E LEI HOʻI, E LILIʻULANI Ē
By Moon Kauakahi
On September 2, 1838, Princess Lydia Liliʻu Loloku Walania Wewehi Kamakaʻeha was born to Kapaʻakea, her father, and Keohokālole, her mother. She ascended the throne as Queen Liliʻuokalani in January 1892, upon the death of her brother, King David Kalākaua, becoming Hawaiʻi's last reigning monarch.
Queen Liliʻuokalani, along with her siblings King David Kalākaua, Prince William Pitt Leleiōhōkū, and Princess Miriam Likelike, were musically inclined. Occasionally, they would hold friendly competitions and compose songs to see whose would be deemed victorious among their friends, fraternity members, and subjects. Several of the songs composed by "Na Lani Tha" — the four Royal Ones — are standards today, sung and recorded by some of Hawaiʻi's most noted musicians. Of all the siblings, the Queen composed the most songs, some during her adolescent years, but most during her imprisonment in ʻIolani Palace and upon her release. Only a few of Queen Lilʻuokalani’s 150 compositions have been sung, recorded and re-recorded; many of the songs written by and for her have not yet graced the ears to be heard, nor the lips to be sung.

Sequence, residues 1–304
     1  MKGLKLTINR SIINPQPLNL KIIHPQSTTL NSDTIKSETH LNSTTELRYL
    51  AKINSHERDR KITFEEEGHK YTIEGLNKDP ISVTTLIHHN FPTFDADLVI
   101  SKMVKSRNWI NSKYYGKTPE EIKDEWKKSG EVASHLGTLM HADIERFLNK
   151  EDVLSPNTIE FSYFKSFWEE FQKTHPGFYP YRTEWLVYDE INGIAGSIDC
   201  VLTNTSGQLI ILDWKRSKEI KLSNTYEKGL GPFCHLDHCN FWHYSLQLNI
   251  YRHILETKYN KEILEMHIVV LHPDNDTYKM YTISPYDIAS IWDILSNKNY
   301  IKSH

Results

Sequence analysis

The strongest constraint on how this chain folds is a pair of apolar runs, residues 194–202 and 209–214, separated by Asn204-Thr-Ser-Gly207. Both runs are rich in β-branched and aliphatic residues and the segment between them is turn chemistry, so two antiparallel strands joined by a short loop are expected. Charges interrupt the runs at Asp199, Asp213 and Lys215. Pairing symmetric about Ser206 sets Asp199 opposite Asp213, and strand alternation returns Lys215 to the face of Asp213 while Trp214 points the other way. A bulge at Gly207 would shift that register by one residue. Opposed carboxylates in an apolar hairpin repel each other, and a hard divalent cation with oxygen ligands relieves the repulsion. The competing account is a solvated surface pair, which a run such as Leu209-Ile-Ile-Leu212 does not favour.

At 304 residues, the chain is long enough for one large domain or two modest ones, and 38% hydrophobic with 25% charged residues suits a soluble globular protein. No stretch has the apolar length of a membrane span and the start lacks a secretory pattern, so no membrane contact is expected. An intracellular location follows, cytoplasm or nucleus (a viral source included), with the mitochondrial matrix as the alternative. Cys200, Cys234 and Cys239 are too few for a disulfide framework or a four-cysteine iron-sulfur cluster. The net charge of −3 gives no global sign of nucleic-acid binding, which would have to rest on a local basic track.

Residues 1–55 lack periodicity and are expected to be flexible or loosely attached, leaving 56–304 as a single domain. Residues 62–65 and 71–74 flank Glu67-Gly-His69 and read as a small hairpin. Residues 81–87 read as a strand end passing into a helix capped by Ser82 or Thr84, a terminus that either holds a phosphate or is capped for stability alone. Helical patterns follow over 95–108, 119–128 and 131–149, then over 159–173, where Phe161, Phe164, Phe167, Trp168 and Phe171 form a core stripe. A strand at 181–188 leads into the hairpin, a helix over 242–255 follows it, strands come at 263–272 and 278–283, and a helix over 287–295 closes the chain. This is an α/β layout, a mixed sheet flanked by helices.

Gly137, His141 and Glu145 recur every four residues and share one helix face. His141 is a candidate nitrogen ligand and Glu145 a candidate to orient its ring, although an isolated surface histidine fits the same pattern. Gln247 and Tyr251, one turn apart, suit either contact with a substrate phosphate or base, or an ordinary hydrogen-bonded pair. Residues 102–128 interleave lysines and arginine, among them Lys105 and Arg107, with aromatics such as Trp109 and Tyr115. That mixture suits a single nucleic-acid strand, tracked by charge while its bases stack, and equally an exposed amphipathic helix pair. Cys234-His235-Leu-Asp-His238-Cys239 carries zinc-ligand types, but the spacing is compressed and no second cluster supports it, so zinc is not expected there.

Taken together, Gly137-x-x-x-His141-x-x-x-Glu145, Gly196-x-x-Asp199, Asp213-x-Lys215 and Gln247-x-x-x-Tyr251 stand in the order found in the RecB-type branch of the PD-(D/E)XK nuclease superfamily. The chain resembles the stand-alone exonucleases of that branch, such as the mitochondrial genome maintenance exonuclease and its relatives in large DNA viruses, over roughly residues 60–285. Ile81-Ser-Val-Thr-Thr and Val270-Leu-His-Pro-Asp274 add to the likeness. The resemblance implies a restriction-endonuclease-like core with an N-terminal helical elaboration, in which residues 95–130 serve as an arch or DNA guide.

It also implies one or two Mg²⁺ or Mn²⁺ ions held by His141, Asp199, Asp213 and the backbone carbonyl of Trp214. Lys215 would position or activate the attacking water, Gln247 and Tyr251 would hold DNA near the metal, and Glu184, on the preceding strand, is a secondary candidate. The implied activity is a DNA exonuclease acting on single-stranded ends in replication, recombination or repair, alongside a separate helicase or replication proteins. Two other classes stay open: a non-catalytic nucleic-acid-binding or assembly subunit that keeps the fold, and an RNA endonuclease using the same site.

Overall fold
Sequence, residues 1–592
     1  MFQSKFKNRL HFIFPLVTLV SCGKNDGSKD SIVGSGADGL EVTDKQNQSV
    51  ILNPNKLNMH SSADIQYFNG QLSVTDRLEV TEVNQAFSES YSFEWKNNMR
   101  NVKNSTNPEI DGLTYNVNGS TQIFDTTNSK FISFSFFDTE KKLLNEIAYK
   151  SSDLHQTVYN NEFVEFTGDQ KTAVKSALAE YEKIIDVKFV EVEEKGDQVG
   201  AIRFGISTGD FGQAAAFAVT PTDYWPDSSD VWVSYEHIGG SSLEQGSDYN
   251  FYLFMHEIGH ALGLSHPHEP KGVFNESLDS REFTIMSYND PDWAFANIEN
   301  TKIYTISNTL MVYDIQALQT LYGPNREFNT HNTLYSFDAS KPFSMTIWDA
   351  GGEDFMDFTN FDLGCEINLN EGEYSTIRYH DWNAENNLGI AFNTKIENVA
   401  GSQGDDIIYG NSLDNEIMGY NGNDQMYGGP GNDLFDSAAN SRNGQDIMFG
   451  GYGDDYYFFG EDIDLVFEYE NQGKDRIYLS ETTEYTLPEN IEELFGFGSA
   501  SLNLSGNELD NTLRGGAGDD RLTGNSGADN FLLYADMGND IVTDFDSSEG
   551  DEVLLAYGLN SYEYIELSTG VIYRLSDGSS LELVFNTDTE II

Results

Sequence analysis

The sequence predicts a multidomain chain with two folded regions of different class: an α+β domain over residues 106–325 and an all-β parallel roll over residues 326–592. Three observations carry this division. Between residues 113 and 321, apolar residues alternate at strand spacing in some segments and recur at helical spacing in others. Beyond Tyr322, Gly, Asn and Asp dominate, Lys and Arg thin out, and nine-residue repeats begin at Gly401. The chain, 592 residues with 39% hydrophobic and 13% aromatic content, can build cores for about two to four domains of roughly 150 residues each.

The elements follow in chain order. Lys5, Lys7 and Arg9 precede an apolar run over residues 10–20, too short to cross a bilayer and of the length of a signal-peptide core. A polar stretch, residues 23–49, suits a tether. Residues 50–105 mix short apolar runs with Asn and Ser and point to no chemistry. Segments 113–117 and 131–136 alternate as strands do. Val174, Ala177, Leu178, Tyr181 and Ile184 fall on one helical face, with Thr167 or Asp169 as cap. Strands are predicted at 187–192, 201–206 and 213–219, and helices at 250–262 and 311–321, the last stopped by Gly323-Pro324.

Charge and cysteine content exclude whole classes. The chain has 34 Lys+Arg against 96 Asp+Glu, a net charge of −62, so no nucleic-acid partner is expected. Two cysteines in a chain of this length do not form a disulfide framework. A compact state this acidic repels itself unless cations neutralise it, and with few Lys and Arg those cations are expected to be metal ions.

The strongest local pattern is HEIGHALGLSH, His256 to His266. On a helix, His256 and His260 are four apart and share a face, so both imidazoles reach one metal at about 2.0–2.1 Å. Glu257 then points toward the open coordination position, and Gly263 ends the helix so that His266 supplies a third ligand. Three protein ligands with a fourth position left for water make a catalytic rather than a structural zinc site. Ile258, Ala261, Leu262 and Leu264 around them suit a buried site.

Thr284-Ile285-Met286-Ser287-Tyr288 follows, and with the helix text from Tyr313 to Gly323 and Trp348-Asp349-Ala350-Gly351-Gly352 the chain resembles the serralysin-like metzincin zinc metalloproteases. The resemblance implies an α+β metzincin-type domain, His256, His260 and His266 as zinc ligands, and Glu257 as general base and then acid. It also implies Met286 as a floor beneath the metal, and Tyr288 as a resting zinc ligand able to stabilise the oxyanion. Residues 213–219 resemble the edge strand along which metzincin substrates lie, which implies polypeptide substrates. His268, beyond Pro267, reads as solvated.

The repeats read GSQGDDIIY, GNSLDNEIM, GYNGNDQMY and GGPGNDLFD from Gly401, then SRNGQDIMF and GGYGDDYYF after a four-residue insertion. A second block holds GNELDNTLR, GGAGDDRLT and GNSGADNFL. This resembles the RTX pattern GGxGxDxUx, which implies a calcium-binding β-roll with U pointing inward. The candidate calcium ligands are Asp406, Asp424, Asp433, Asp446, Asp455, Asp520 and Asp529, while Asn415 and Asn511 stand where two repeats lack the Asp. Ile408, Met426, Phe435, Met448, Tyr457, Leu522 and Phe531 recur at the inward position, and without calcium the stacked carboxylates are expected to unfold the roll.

In 1999, with the support of the Liliʻuokalani Trust and its trustees, Hui Hānai published The Queen’s Songbook, a collection of 60 songs written by or for Her Majesty, Queen Liliʻuokalani. The idea of publishing such a book to perpetuate the memory of the Queen and her accomplishments began in 1969. A concerted effort was made to collect and publish the Queen’s songs, "to give some insight as to her thoughts, moods, feelings, and emotion...to show the Queen as a human being and talented composer." (Agnes C. Conrad, from the Preface of The Queen's Songbook)
Most of the songs came from an unpublished book entitled He Mele Buke Hawaiʻi, which the Queen prepared in 1897 with the intention that it be released and made affordable to all Hawaiian people; she hoped to show those who opposed everything she stood for that she was more intellectual than that for which they gave her credit.
It is my intention, and the intention of those I have had the privilege of working with on this project, to honor the memory of our beloved Queen Liliʻuokalani and reflect the emotions that she put into each composition to tell the story of a people — Her People — whom she loved dearly. "Wear this lei, O Liliʻulani — E lei hoʻi, e Liliʻulani ē!”
*Compiled by Michael-Thomas Foumai. Digitally published for the Hawaiʻi Symphony Sheraton Starlight Series on July 2-4 2021.